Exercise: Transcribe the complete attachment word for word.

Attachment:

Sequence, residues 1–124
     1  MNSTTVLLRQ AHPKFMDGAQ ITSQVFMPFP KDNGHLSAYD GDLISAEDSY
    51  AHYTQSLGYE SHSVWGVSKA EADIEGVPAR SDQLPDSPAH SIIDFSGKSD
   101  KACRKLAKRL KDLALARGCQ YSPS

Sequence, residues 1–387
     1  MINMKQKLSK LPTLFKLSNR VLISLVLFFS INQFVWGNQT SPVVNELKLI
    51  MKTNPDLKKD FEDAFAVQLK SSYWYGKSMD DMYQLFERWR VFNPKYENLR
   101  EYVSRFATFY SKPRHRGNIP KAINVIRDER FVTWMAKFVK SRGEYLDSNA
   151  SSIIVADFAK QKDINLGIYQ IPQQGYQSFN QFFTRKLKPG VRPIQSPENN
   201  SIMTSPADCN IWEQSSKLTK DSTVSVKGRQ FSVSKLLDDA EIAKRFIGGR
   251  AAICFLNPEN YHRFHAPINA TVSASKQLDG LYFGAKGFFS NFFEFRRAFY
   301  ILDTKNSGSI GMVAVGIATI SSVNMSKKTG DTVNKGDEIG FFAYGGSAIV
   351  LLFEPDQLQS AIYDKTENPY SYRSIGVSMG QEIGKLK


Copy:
Sequence, residues 1–124
     1  MNSTTVLLRQ AHPKFMDGAQ ITSQVFMPFP KDNGHLSAYD GDLISAEDSY
    51  AHYTQSLGYE SHSVWGVSKA EADIEGVPAR SDQLPDSPAH SIIDFSGKSD
   101  KACRKLAKRL KDLALARGCQ YSPS

Sequence, residues 1–387
     1  MINMKQKLSK LPTLFKLSNR VLISLVLFFS INQFVWGNQT SPVVNELKLI
    51  MKTNPDLKKD FEDAFAVQLK SSYWYGKSMD DMYQLFERWR VFNPKYENLR
   101  EYVSRFATFY SKPRHRGNIP KAINVIRDER FVTWMAKFVK SRGEYLDSNA
   151  SSIIVADFAK QKDINLGIYQ IPQQGYQSFN QFFTRKLKPG VRPIQSPENN
   201  SIMTSPADCN IWEQSSKLTK DSTVSVKGRQ FSVSKLLDDA EIAKRFIGGR
   251  AAICFLNPEN YHRFHAPINA TVSASKQLDG LYFGAKGFFS NFFEFRRAFY
   301  ILDTKNSGSI GMVAVGIATI SSVNMSKKTG DTVNKGDEIG FFAYGGSAIV
   351  LLFEPDQLQS AIYDKTENPY SYRSIGVSMG QEIGKLK